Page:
January 14, 2015

WASHINGTON, DC – Congresswoman Jackie Speier (D-San Francisco/San Mateo Counties) yesterday joined Congressman Michael Burgess (R-TX-26) to reintroduce the Medical Testing Availability Act. This bill, H.R. 298, would ensure patient access to important research tools by preventing the US Food and Drug Administration (FDA) from implementing vague guidelines that would make diagnostic manufacturers liable for misuse of diagnostics intended for research purposes only.

“This narrowly tailored bill strikes a clear balance between the important developments in personalized medicine and the rights of patients to safely explore new care options,” said Speier. “The potential for personalized medical care is limitless. With new technologies developed in many companies in my district, we are experiencing an information revolution in patient diagnostics. Every patient is an individual. By supporting this growing industry, we can ensure doctors of the future have access to the best information possible to treat their patients. I am proud to work with my colleague Congressman Burgess on this bipartisan effort.”

“Incredible advances in personalized medicine hold great potential for patients and healthcare providers to detect, diagnose and treat disease,” Burgess said. “But physicians and medical professionals must be able to access them in order to provide the best care for their patients. Our bill is an important step towards improving medical innovation in the United States and, ultimately, finding cures to ailments that affect thousands of Americans each year.”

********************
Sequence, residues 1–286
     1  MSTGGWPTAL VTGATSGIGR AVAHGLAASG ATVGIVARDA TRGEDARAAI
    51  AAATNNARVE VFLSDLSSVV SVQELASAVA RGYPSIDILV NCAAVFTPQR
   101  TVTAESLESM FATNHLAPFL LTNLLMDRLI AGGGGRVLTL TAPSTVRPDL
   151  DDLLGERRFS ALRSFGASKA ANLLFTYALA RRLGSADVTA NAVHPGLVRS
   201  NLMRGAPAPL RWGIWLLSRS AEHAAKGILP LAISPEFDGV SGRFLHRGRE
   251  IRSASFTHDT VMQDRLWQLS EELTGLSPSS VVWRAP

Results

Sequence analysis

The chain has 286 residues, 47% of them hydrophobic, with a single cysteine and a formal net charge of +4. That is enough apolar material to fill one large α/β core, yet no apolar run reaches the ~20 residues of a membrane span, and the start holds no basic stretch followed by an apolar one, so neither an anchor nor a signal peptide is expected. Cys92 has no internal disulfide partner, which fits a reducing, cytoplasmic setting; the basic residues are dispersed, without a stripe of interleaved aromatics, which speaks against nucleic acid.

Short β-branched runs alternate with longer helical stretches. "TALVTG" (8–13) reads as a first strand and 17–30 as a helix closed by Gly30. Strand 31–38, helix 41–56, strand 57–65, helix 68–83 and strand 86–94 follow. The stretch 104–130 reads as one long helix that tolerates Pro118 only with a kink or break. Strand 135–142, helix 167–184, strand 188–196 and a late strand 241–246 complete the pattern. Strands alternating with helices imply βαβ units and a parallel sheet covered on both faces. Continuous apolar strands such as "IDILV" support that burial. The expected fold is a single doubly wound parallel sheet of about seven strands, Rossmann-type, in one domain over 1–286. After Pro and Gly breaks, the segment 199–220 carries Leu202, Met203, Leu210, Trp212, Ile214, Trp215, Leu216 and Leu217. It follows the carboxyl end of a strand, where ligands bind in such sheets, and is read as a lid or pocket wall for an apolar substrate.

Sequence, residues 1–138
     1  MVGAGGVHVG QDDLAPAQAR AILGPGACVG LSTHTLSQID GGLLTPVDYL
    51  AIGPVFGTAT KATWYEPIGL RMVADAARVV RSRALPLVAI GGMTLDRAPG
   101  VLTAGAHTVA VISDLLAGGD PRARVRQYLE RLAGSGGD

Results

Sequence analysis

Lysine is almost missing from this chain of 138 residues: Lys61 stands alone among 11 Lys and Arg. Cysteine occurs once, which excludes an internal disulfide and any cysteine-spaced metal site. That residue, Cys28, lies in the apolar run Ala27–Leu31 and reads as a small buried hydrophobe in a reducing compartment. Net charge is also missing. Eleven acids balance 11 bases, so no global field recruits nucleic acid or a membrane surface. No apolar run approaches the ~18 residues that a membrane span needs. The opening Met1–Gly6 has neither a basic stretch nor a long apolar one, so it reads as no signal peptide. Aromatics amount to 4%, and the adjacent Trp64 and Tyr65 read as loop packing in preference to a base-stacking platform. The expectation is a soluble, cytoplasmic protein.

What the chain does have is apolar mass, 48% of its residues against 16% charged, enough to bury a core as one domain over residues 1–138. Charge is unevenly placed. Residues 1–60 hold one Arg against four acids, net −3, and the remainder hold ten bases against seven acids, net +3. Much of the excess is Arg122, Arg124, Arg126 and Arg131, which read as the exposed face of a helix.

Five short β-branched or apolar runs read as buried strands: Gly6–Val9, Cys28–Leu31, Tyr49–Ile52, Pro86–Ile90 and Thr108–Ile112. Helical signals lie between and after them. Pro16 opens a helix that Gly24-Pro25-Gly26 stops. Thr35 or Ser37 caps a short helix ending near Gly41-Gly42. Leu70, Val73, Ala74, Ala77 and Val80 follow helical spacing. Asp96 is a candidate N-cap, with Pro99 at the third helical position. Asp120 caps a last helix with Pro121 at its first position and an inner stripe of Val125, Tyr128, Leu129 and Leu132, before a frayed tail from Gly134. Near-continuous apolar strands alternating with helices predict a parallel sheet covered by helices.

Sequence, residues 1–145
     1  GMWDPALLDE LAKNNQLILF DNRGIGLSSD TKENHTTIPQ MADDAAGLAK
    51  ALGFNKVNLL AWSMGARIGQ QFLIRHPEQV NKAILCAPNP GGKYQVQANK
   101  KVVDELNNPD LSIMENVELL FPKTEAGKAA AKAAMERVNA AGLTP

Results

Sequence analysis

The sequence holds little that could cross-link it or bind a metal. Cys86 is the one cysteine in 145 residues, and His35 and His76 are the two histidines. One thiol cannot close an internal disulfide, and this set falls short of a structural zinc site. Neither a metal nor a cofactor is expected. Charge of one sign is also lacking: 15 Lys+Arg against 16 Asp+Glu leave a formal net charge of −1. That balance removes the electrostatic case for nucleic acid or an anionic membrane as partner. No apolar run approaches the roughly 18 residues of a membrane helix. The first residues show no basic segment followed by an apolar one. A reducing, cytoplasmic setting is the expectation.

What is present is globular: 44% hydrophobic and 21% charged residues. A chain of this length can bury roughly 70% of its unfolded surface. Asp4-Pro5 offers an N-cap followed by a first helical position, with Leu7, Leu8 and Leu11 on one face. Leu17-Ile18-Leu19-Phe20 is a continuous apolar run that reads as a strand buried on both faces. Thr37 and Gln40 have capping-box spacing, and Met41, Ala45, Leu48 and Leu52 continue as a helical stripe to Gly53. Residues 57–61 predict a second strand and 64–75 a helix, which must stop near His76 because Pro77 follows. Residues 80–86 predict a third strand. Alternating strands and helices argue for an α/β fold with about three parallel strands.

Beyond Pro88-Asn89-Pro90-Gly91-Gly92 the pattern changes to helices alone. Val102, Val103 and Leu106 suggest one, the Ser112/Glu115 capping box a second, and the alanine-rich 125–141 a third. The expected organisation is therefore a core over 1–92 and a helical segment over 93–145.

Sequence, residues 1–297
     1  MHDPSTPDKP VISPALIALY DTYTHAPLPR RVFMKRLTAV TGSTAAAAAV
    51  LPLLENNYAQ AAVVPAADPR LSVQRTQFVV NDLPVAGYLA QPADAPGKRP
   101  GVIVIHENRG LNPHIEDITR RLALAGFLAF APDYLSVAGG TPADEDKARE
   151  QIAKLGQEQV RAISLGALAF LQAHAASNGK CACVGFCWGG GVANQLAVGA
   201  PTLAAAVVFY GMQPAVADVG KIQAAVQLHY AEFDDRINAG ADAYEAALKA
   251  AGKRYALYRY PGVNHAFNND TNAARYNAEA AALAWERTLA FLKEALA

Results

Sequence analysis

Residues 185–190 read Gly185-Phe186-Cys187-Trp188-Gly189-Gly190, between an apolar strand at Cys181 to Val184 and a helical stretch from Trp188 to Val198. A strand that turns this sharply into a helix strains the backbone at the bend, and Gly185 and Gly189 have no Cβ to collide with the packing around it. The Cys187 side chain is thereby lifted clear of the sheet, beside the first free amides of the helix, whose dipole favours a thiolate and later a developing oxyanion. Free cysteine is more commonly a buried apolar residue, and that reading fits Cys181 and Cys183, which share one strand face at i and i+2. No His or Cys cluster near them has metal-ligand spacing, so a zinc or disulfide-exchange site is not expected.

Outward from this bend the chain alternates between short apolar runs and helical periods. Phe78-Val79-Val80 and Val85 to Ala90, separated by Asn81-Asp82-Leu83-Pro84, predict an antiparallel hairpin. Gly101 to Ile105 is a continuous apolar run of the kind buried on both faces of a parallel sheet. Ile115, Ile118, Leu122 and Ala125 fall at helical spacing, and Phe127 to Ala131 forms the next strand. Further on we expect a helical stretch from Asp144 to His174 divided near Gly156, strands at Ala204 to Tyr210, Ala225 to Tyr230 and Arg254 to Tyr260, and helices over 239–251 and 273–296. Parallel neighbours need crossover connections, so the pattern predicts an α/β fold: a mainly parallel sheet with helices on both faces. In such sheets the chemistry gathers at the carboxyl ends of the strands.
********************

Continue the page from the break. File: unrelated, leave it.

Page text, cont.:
Previous FDA Draft Guidance indicated that manufacturers of certain diagnostics components should take action if they have “reason to know” that their “research use only” diagnostics are being used for any clinical purpose.  

“Reason to know” is a vague new standard that includes everyday business practices, such as providing technical support to customers. By creating a safe harbor, this bill would affirm that certain “business communications” as these are allowed without touching long-standing regulations designed to ensure patient safety.